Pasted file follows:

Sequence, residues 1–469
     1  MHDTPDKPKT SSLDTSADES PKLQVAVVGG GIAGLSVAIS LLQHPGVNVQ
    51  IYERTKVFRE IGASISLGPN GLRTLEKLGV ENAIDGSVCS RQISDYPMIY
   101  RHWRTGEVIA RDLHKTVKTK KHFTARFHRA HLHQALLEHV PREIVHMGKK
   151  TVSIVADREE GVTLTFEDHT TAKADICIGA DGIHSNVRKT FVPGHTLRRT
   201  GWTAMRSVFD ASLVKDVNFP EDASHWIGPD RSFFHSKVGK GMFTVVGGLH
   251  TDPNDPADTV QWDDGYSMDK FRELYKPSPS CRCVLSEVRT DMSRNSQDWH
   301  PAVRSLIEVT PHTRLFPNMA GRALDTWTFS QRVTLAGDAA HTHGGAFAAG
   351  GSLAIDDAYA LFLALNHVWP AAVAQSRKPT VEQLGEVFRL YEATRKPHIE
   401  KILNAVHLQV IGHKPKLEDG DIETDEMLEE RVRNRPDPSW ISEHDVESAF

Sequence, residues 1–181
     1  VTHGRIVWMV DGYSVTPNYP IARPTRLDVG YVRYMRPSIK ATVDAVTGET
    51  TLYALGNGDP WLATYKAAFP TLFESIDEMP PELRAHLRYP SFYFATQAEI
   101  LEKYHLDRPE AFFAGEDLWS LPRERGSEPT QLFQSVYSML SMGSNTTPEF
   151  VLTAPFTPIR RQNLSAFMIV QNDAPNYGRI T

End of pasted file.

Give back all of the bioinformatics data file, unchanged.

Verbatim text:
Sequence, residues 1–469
     1  MHDTPDKPKT SSLDTSADES PKLQVAVVGG GIAGLSVAIS LLQHPGVNVQ
    51  IYERTKVFRE IGASISLGPN GLRTLEKLGV ENAIDGSVCS RQISDYPMIY
   101  RHWRTGEVIA RDLHKTVKTK KHFTARFHRA HLHQALLEHV PREIVHMGKK
   151  TVSIVADREE GVTLTFEDHT TAKADICIGA DGIHSNVRKT FVPGHTLRRT
   201  GWTAMRSVFD ASLVKDVNFP EDASHWIGPD RSFFHSKVGK GMFTVVGGLH
   251  TDPNDPADTV QWDDGYSMDK FRELYKPSPS CRCVLSEVRT DMSRNSQDWH
   301  PAVRSLIEVT PHTRLFPNMA GRALDTWTFS QRVTLAGDAA HTHGGAFAAG
   351  GSLAIDDAYA LFLALNHVWP AAVAQSRKPT VEQLGEVFRL YEATRKPHIE
   401  KILNAVHLQV IGHKPKLEDG DIETDEMLEE RVRNRPDPSW ISEHDVESAF

Sequence, residues 1–181
     1  VTHGRIVWMV DGYSVTPNYP IARPTRLDVG YVRYMRPSIK ATVDAVTGET
    51  TLYALGNGDP WLATYKAAFP TLFESIDEMP PELRAHLRYP SFYFATQAEI
   101  LEKYHLDRPE AFFAGEDLWS LPRERGSEPT QLFQSVYSML SMGSNTTPEF
   151  VLTAPFTPIR RQNLSAFMIV QNDAPNYGRI T